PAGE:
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minor keys?

Music Theory
les_paul  
18 Jul 2008 21:56 | Quote
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Hey I have been reading Bodom's lesson on keys and I was wondering if there are any minor keys, and if so how do you build them? If it talks about this in the lesson I have over looked it.

thanks
foogered  
18 Jul 2008 22:12 | Quote
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For every major key there is a corresponding minor key.

Where a major key is a 1 - 2 - 3 - 4 - 5 - 6 - 7, the minor key is 1 - 2 - b3 - 4 - 5 - b6 - b7.

So the W - H pattern goes W - H - W - W - H - W - W.
bodom  
19 Jul 2008 09:37 | Quote
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Like foogered said every Key has a corresponding/relative minor Key. Too find the relative minor of the Key just go back three notes. So the relative minor of C is A. So the notes are ABCDEFG same notes as the C just different order. So the Minor for the key of G is E. Notes are EF#GABCD. Agian same notes different order. If I didnt add this I will later. sorry.
les_paul  
19 Jul 2008 10:31 | Quote
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What is the chord pattern for the minor keys? I know the Major, minor, minor, Major, Major, minor, minor for the Major keys but wouldn't a minor key start on a minor chord?
foogered  
19 Jul 2008 12:30 | Quote
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I just answered a similar question in another topic, but I'll repost here. The diatonic chords are: i - ii* - III - iv - V - VI - vii*

The asterisks denote chords that are diminished. Also, there's an error in your progression for the major key. The diatonic triad based on the seventh scale degree is diminished.
bodom  
20 Jul 2008 16:05 | Quote
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@les paul
It does start on the minor chord. The Key of C is as follows
Cap #s are major and lowercase are minor

I ii iii IV V vi viib5
Cmaj Dmin Emin Fmaj Gmaj Amin Bminb5

in that order.
Now the relative minor is A. So now that becomes the one chord as follows.

i iib5 III iv v VI VII
Amin Bminb5 Cmaj Dmin Emin Fmaj Gmaj


@foogered you got the major and minor chords messed up there and its only the ii chord that is diminished. ;P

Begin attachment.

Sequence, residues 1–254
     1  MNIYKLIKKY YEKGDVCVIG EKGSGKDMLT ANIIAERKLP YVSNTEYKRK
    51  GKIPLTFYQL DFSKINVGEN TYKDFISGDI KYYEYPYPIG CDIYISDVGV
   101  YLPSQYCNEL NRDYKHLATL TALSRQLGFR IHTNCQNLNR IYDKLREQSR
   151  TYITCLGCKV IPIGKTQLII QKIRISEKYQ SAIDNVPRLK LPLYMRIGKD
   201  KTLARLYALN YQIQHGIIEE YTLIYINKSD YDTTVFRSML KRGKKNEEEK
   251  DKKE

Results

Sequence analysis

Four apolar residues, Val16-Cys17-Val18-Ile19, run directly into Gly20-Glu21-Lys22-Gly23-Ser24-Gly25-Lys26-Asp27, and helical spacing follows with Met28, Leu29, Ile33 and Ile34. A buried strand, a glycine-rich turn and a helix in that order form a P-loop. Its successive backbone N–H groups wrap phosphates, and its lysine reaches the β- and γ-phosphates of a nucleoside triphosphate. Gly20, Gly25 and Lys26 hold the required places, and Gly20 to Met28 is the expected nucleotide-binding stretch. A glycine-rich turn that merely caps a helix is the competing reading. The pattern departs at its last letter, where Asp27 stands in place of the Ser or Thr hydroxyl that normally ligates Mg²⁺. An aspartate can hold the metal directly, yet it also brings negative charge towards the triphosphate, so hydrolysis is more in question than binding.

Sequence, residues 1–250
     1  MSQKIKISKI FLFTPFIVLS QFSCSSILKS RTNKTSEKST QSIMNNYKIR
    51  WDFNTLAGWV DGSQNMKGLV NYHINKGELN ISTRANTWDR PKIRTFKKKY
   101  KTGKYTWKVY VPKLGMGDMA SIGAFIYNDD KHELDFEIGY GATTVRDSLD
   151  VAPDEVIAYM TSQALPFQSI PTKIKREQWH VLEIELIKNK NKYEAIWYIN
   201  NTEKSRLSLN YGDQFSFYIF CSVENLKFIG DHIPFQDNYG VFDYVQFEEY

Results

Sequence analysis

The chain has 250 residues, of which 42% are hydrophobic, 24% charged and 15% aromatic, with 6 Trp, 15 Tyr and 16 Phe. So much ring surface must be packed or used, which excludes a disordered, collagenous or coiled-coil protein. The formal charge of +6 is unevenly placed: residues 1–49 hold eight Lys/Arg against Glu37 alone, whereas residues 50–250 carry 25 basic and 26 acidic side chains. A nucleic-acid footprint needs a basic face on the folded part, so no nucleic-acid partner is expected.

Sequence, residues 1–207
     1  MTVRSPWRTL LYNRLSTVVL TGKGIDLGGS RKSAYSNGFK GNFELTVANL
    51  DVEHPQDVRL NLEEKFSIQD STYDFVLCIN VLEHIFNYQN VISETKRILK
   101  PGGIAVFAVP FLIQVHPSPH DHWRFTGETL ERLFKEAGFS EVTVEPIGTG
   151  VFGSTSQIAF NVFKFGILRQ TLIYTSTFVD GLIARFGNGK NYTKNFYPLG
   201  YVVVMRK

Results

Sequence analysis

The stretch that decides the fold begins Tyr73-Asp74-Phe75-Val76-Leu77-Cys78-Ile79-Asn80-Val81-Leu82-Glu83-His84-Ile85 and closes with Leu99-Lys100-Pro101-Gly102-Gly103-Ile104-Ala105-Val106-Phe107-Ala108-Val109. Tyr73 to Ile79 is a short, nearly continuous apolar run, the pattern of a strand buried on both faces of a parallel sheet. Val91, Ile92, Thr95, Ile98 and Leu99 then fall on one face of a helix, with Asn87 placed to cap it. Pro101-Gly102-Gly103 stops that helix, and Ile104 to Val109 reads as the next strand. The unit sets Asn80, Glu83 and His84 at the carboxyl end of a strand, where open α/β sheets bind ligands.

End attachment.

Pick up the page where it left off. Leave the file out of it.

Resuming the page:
foogered  
20 Jul 2008 16:25 | Quote
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No, I gave him the minor chords, because that's what he asked about.

Also, I suppose I should've made note of this, but in the common practice period, a raised 7th or leading tone was typically used in the natural minor scale, making the diatonic 7th chord diminished. For this reason, you can play it as either major or diminished. I should've included it could be major as well, but you covered that.

For example, the typical natural minor chord progression looks like this:




From left to right, the chords are VII, III, VI, vi and ii*, vii* and V, then i.

Kind of confusing looking, but basically, it's a guide line for chord movements in a minor key, and it includes both the Major and Diminished 7th.
bodom  
20 Jul 2008 17:11 | Quote
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Yeah your right my bad :P
When dealing with the minor Keys the sixth and seventh degrees are variable depending on if its in the natural, harmonic or melodic. So you are right the most common is
i ii* III i V VI vii
This incorperates the nautral,harmonic and melodic

So les_paul you could actuall play all these :P
i ii* ii III III+ iv IV v V VI #vi* VII vii* i (+ is augmented)

If you are just playing in the natural Key (Aeolian) then you can use
i iib5 III iv v VI VII

les_paul  
20 Jul 2008 19:32 | Quote
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Thanks guys, this stuff just clicked in my head and started making since about a week ago. Now I want to learn as much as possible.
foogered  
20 Jul 2008 22:05 | Quote
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Once you understand this stuff, you can go just about anywhere. I don't really use it much, but understanding how music functions gives you so much insight into everything else.


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